In this concert, Christian Lindberg, with his sense of humor and ebullience, showed the audience that informality and, at times, hi-jinx do not rule out high quality and profound performance. They do, in fact, bring the audience in closer contact with conductor and players. For their final encore, Lindberg and the Israel Netanya Kibbutz Orchestra were once again joined by Øystein Baadsvik for a jaunty performance of a Brahms Hungarian Dance.

Øystein Baadsvik (photo:Geir Mogen)

Thursday, February 9, 2017

When did you last hear all 12 of Liszt's Transcendental Etudes played as one work? Hommage an Liszt - Amir Katz performs an all-Liszt recital at the 2017 Eilat Chamber Music Festival

Photo: Maxim Reider
The 2017 Eilat Chamber Music Festival took place from February 1st to 4th. It was hosted by the Dan Eilat Hotel, with concerts taking place in the hotel’s Tarshish Hall and the Big Blue Hall. As befits a festival, the Eilat performances offered some programs that were a step away from mainstream concert fare. One of the festival's most unique and significant concerts was Israeli pianist Amir Katz’ “Hommage an Liszt”, a complete recital of Liszt Études (February 2nd). In his program notes, Katz reminds the listener that these pieces “represent the peak of writing for piano of the Romantic period”.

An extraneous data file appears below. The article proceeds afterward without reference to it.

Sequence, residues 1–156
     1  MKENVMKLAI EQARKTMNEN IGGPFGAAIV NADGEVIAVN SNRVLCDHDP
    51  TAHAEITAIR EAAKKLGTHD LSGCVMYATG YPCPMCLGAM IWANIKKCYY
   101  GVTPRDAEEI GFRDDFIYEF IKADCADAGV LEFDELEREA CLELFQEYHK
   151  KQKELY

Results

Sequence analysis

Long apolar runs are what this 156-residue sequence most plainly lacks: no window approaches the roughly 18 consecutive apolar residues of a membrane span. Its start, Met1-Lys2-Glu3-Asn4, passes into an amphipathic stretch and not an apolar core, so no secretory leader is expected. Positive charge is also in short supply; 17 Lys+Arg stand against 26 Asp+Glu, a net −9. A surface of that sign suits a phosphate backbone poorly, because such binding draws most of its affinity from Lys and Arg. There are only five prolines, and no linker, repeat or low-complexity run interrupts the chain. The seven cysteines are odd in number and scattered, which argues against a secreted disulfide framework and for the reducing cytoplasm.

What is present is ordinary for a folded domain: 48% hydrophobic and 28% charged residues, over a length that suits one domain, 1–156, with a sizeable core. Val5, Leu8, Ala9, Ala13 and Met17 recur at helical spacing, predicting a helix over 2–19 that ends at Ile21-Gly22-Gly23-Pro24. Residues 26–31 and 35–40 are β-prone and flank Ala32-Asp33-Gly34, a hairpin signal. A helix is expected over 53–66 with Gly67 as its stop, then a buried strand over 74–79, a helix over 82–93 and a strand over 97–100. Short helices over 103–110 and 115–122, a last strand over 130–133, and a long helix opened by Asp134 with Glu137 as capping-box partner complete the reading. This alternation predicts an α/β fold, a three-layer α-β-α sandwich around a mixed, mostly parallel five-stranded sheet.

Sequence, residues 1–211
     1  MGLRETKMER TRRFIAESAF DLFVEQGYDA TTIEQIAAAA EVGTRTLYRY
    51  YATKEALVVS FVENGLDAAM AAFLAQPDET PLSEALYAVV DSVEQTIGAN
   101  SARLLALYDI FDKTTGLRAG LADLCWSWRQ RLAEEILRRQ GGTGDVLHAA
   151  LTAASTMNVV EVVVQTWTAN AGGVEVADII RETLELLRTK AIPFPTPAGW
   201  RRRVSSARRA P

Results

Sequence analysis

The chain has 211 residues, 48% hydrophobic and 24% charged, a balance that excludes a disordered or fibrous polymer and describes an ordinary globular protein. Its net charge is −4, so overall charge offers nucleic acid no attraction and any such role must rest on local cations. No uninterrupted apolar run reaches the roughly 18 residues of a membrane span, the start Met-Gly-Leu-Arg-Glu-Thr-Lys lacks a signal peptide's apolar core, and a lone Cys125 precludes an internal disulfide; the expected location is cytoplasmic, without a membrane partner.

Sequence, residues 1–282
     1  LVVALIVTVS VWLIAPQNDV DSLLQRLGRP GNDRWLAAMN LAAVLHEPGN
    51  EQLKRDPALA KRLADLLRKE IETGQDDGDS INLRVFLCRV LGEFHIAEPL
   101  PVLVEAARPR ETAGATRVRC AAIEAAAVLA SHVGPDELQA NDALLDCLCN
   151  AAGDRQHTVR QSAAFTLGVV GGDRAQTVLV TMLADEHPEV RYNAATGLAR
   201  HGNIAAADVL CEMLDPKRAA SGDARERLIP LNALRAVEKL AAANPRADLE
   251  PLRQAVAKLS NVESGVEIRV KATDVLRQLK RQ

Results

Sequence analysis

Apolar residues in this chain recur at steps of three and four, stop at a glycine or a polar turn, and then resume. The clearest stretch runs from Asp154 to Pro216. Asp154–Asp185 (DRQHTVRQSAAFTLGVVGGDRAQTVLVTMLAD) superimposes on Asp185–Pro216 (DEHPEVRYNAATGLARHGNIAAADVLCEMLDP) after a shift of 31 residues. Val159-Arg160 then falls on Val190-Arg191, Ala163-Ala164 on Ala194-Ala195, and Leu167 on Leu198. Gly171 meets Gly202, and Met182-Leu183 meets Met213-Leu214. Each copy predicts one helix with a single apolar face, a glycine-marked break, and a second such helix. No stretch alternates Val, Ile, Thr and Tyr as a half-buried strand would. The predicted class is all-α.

Katz takes the listener into the world of Franz Liszt's Études with the much-loved “Liebestraum” (Dream of Love) No.3, Liszt’s setting of Ferdinand Freilgrath’s impassioned “O lieb’, so lang du lieben kannst” (Oh love, as long as you can love). Known for its singing melody and delicacy, Amir Katz, chose some daring pedalling, orchestrating the nocturne’s demanding sequences with its network of complex “undercurrents”, its farewell leaving the listener once more in the mystery of his own musings. Then to “Trois études de concert” (1845-1849), suitably referred to by the composer's Paris publisher as “caprices poétiques”. From “Il lamento” (The Lament), in which Katz fires the imagination with the drama inherent in tonal processes, with dissonances melting into harmonic tranquillity, with imposing utterances juxtaposed with fragility, he moves into “La Leggierezza” (Lightness), floating its weightless intricacy, presenting its intensity, his deft, splendidly clean fingerwork taking one back to the gossamer textures of lightness. No less rewarding was Katz' playing of the Impressionistically-hued “Un sospiro” (A Sigh), its huge technical demands (serving as dramatic and theatrical effects in Liszt’s own performances) in no way hampering Katz’ silken melodic lines and shimmering, flowing arpeggios.

Then to the “Zwei Konzertetüden” (1862-1863) composed by Liszt in Rome, with Katz’ playing of “Waldesrauschen” (Forest Murmurs) richly poetic and abundant in nature associations, followed by the playful, imaginative portrayal of “Gnomenreigen” (Dance of the Gnomes), Katz directing the listener’s attention to the piece’s impish, hopping, good-natured whimsy rather than to the fact that this is one of Liszt’s most difficult piano pieces!